scilogs Biology of Religion

Is someone informed about the philosopher William Graham (1839 - 1911)?

from Michael Blume, 12. January 2012, 09:28

Today, I want to use this scilog in a new way: As a tool for presenting a question. I stumbled upon the topic while preparing a German book about Charles Darwin's works on religion & evolution. In his last year, the great Victorian became captivated by a book on the topic and wrote to its author William Graham:

Dear Sir

I hope that you will not think it intrusive on my part to thank you heartily for the pleasure which I have derived from reading your admirably written `Creed of Science,’ though I have not yet quite finished it, as now that I am old I read very slowly. It is a very long time since any other book has interested me so much. The work must have cost you several years and much hard labour with full leisure for work.

Read the full letter at the Darwin Correspondence Project (Letter 13230).

Intrigued, I started to read the book "The Creed of Science" myself, which is available in print as well as in open-access-directories.

Although a quotation from this Darwinian letter to Graham started a heated debate about the contradictions of atheistic naturalism by Alvin Platinga, I couldn't find much information about the author. He seems to be virtually unknown not only to German libraries and handbooks of philosophy, but also to the Internet including Wikipedia. According to the preface of 'The Creed of Science', William Graham has been Professor of Jurisprudence and Political Economy at Queen's College, Belfast.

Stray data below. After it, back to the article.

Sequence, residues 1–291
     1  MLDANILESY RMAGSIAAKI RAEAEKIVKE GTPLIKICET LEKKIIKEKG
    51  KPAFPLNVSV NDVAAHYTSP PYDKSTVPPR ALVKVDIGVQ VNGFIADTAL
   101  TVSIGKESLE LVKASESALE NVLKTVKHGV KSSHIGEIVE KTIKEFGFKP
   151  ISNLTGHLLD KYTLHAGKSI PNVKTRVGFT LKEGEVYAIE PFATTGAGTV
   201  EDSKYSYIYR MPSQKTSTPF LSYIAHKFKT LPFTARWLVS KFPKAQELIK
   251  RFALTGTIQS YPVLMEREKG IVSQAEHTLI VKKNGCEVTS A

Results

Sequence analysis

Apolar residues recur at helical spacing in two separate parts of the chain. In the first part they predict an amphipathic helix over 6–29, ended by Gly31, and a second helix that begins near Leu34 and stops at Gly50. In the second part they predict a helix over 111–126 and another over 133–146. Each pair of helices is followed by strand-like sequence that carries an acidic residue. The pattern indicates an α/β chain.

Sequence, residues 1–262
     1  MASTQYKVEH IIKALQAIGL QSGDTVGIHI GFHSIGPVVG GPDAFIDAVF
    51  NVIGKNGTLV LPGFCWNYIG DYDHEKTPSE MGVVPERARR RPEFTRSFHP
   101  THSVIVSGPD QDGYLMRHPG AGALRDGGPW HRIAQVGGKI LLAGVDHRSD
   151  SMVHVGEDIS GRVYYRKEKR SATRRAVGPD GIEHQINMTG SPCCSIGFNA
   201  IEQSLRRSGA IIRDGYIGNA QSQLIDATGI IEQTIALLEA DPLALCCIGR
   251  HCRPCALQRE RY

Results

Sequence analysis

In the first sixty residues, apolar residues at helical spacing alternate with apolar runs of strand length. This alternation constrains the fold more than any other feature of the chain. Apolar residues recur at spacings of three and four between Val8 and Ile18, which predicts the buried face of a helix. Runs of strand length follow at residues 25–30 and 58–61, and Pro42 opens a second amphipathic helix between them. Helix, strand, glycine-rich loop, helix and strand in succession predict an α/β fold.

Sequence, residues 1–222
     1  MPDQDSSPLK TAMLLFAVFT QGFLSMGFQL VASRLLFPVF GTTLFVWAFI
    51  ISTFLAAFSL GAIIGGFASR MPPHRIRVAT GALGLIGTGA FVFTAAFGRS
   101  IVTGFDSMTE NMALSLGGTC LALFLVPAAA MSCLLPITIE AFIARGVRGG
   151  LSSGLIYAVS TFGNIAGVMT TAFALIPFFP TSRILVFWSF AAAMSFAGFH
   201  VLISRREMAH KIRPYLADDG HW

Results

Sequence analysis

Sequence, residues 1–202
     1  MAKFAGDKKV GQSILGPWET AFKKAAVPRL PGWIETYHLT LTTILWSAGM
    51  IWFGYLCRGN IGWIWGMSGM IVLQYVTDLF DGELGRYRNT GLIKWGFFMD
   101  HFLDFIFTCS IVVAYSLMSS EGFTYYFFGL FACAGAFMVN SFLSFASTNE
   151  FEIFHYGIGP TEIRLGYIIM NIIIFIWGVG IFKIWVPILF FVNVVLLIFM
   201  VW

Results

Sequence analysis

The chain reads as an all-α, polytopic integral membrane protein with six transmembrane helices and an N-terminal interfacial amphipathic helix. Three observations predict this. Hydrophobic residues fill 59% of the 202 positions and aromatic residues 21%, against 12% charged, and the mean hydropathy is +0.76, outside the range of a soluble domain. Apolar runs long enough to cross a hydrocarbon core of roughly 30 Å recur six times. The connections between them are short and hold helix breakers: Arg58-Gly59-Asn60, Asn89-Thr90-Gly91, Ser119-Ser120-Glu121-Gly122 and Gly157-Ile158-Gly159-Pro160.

Could you help out?

Therefore, I wanted to ask abroad if someone out there is having some bibliographic informations or scientific references to William Graham (1839 - 1911). Please don't hesitate to post a comment or contact me via my homepage.

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  1. J. A. Le Fevre Platinga?
    12.01.2012 | 19:24

    Just a bit off-topic (I can not help at this time with William Graham), but the musings of Alvin Platinga seem naught but (to borrow from Paul Simon), A Simple Desultory Philippic (a rambling condemnation) with no substance. His is a failure of imagination to grasp how civil man (with full aid from religion) was able to evolve without seeking answers from miracles.

    I, for one, do not believe religion needs philosophers to save it from evolution.

  2. Michael Blume @Williamcrawley...
    12.01.2012 | 20:08

    ...has been successful so far. He sent me this link via Twitter:
    Google-Books UK - Political economy...

    Thanks a lot, William!

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